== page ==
Coordinates: 33°56′56″S 120°07′26″E
Mean maximum temperature: 27.7C
Mean minimum temperature: 15.5C
Annual rainfall: 502mm
Hopetoun is a coastal town on the shores of Mary Ann Haven in the Shire of Ravensthorpe and is a popular holiday destination for families, campers and anglers. The town takes its name after the 7th Earl of Hopetoun and first Governor General of Australia, John Hope and sits 590km south-east of Perth and 341km north-east of Albany with a population of approximately 600.
As early as the 1820s whalers and sealers from Van Diemen's Land, who hunted in the Southern Ocean, knew of the shelter which the Hopetoun area offered. The first known European settlers to the region were the Dunn brothers, who in the 1860s spent three years clearing scrub and building sheep yards.
Traditionally, the Wudjari people roamed the area around Hopetoun and reminders of their presence remain in the names of local landmarks. Following the retaliatory spearing of John Dunn in 1880, many Wudjari were massacred, while a significant number left the area never to return.
Hopetoun attracted many itinerant Europeans after James Dunn discovered gold and copper at the Phillips River Goldfields near Ravensthorpe in 1898. Prospective miners would sail from Albany or Esperance to Hopetoun before being transported by road to Ravensthorpe. The townsite was gazetted on February 9, 1901 and mainly serviced the Phillips River Mining District. Later in the same year a jetty was built to service what was becoming a busy port for the gold mining industry. However this activity was shortlived and the port closed in 1936. A Hopetoun to Ravensthorpe branch line of the Western Australian Government Railways also existed until 1925.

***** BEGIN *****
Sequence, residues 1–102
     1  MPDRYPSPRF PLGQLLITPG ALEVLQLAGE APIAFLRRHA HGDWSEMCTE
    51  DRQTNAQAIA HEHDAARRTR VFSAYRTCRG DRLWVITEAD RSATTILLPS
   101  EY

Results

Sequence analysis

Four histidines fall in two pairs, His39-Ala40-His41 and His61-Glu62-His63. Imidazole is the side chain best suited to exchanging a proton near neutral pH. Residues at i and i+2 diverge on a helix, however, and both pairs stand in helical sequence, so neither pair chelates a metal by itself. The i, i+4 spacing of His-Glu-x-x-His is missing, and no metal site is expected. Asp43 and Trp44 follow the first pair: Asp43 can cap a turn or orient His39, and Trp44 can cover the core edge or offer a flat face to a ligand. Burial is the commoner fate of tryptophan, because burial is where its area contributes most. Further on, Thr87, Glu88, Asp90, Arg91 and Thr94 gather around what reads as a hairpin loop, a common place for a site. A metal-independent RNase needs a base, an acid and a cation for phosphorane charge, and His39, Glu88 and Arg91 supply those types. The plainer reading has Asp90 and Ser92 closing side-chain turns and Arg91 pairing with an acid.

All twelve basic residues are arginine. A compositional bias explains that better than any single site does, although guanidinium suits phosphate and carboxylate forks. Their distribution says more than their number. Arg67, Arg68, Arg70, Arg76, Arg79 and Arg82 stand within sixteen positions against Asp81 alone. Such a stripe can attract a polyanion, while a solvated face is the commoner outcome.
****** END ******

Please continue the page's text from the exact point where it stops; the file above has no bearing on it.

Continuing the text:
Geologists regularly visit Hopetoun to study its rocks, which are packed with important data pertaining to the period when Australia was joined to Antarctica.
The town is also well known as a retirement centre and holiday destination for people from the state's Goldfields region and is an ideal stopping-off point for visitors exploring the Fitzgerald River National Park. Some of the town's electricity is generated by a wind-diesel system, consisting of two 600 kilowatt wind turbines and two low-load diesel generators. The town suffered a setback in 2009, when Australian mining giant BHP announced the closure of its nearby Ravensthorpe Nickel Mine, which had only opened the year before.
The Global Financial Crisis and the fall in demand for stainless steel, forced the mine to close its doors and as a result a large portion of the town's population left to seek employment elsewhere. However in 2010, the Ravensthorpe nickel operation was bought by Canadian First Quantum Minerals for US$340 million. The company expects the project's average annual production of nickel to be about 39,000 tonnes for the first five years after recommencement of operations and an average annual production of 28,000 tonnes of nickel over the mine’s expected life of 32 years.